Streams

Underreported: Indian Point and Water

Thursday, March 24, 2011

Concerns about seismic activity at the Indian Point Nuclear Power Plant are grabbing the headlines this week, but other issues have been raised in the debate over whether the Nuclear Regulatory Commission should renew the plant's license. WNYC’s Bob Hennelly looks at environmental concerns about 90-100 degree waste water coming out of the plant into the Hudson River.

Guests:

Bob Hennelly

Comments [8]

John Cowan from Manhattan

Harry from NJ:

All thermal systems of generating power are inherently inefficient: this is a consequence of the second law of thermodynamics, which limits efficiency to the ratio between the temperature inside and the temperature outside. Furthermore, real as opposed to ideal heat engines are made of imperfect parts which waste energy in the form of friction, which becomes heat. A car's gasoline engine, for example, is only 25% efficient; the remaining 75% of the energy goes out the tailpipe and the radiator. A coal-fired plant has an overall efficiency of about 50%. Nuclear power plants are deliberately run somewhat cooler than coal-fired plants for greater safety, so their maximum efficiency is about 35%.

Radioactive materials inherently generate heat: about 80% of the Earth's own heat is from the decay of radioactive elements. (The radioactivity is widely dispersed throughout the Earth's crust, and living beings have coexisted with it for 4 billion years.) With the exception of the cores of nuclear weapons, fuel rods are the most radioactive things that exist. So even after a nuclear power plant is shut down (temporarily or permanently), and this can and does happen very quickly, the fuel rods must be kept cool or their own internal heat will melt them. Spent fuel rods are even more radioactive than unused ones, making the problem all the worse.

Mar. 27 2011 12:35 PM
Steve from upstate from Garrison, NY

When Bob Hennelly pointed out the Fukushima plants and Indian Point use different designs, Leonard trenchantly asked, "Is it better?" meaning Indian Point, but never got answered. IP's owner Entergy claims it is better, but research papers don't support that. A more accurate answer is, it depends. some reactors of IP's type (Westinghouse PWRs) are less vulnerable than the Fukushima type (GE Mark I BWRs) and some are more vulnerable. See: http://tinyurl.com/6bybd99 IP is old, embrittled, inadequately protected, indifferently run, located on two fault lines, and already leaking radioactivity into groundwater and the Hudson. It has to be one of the worse PWRs, and we shouldn't kid ourselves that it's any better than the Fukushima plants.

Mar. 24 2011 06:14 PM
Peg from Upstate

Hey everybody. What are we going to do about nuclear waste??? Isn't it true that the tax payers are responsible for paying for it (forever)???

If the NY nuclear plants on Lake Ontario go...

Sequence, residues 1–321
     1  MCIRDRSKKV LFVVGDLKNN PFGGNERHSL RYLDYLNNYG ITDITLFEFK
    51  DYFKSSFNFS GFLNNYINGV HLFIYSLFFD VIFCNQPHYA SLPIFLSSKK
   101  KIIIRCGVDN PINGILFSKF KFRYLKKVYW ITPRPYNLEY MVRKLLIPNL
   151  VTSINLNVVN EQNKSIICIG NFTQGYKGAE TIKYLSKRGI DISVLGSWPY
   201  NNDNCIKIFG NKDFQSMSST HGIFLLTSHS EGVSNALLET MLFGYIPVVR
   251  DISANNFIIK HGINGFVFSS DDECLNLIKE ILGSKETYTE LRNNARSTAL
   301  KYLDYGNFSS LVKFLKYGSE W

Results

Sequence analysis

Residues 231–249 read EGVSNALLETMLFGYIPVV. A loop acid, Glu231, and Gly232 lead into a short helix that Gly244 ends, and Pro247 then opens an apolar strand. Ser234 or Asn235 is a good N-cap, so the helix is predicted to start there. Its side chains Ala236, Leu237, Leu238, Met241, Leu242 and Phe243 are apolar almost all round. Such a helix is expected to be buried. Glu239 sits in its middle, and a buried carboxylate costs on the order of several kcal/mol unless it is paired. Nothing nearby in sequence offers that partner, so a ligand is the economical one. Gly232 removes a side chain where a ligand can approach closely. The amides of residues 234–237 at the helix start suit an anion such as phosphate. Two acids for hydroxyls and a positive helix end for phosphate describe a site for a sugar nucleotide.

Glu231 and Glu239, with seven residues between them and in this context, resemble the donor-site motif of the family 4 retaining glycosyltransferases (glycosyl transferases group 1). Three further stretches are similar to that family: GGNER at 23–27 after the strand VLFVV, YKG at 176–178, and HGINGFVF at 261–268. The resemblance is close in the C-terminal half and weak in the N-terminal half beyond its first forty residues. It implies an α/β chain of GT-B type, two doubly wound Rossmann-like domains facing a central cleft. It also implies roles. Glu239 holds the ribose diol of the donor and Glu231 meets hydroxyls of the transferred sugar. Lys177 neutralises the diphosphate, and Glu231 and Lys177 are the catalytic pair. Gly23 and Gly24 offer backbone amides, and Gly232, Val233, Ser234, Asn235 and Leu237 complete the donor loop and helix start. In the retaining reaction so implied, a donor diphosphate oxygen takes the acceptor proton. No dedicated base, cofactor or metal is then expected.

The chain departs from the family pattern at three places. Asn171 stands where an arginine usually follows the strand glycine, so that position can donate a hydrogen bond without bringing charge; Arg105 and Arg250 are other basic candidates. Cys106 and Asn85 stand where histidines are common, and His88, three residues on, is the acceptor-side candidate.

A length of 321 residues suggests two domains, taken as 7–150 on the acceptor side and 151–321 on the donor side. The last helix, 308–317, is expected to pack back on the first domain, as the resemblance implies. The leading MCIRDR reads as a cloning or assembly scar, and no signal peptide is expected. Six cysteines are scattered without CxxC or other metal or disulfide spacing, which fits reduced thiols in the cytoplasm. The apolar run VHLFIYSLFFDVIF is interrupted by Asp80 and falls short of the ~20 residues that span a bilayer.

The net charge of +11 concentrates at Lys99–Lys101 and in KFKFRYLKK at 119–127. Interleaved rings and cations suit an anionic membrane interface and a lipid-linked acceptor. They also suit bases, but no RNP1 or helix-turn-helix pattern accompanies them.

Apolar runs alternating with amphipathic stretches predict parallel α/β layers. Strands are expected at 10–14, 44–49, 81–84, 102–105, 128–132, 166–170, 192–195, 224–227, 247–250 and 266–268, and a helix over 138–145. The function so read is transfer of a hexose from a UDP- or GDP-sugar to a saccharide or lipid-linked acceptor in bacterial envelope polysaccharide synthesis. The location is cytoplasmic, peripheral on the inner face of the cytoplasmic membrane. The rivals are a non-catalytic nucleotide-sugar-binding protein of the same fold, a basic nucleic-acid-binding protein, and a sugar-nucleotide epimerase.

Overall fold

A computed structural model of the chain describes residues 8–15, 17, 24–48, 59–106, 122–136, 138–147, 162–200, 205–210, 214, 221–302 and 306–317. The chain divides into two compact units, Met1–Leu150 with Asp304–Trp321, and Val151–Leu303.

the prevailing winds blow on NYC reservoirs.

Mar. 24 2011 01:56 PM
Harry from NJ

What is the technical reason for so much wasted energy in nuclear power? Why is it that the older reactor designs that don't allow them to be shut down on a moments notice, but rather still need constant cooling? Apparently, the fuel materials can't be separated?

Mar. 24 2011 01:55 PM
amalgam from Manhattan by day, NJ by night

Not only is thermal pollution from Indian Point wastewater (and that from all once-through cooled thermoelectric power plants) a problem, but also the millions of fish and other aquatic life KILLED.

Cooling towers (aka closed cycle cooling) is a must.

To learn more:

Power Plants Kill Fish campaign

http://www.newenergychoices.org/index.php?sd=pp&page=powerPlants

Mar. 24 2011 01:53 PM
Penny Jones from Downtown

If New York had to be abandoned due to a nuclear accident or suitcase bomb, could trees continue to grow here with the low- or mid-grade radiation?

Mar. 24 2011 01:04 PM
Jeffrey from Upper West Side

The main problem here, and in all areas where our regulatory commissions are assumed to be protecting the public's interests first and foremost, is that in fact they are protecting business interests while public safety takes a back seat. We learned that about our energy regulators during the Gulf Coast oil spill, and about our banking regulators during the financial meltdown. It is no surprise that our nuclear regulators work the same way.

The real question ought to be: How can we get our government regulatory agencies back to protecting the public welfare, which is supposed to have been their mission all along, instead of protecting the financial interests of the businesses they are supposed to be regulating?

Mar. 24 2011 12:20 PM
Bob from Queens

Bob:
Given the warnings the Japanese are currently receiving concerning their drinking water, would you please talk about the threat a radiation release at Indian Point could pose to New York City's drinking water, given its location just a few miles east of the New Croton Reservoir?
Thank you.

Mar. 24 2011 12:03 PM

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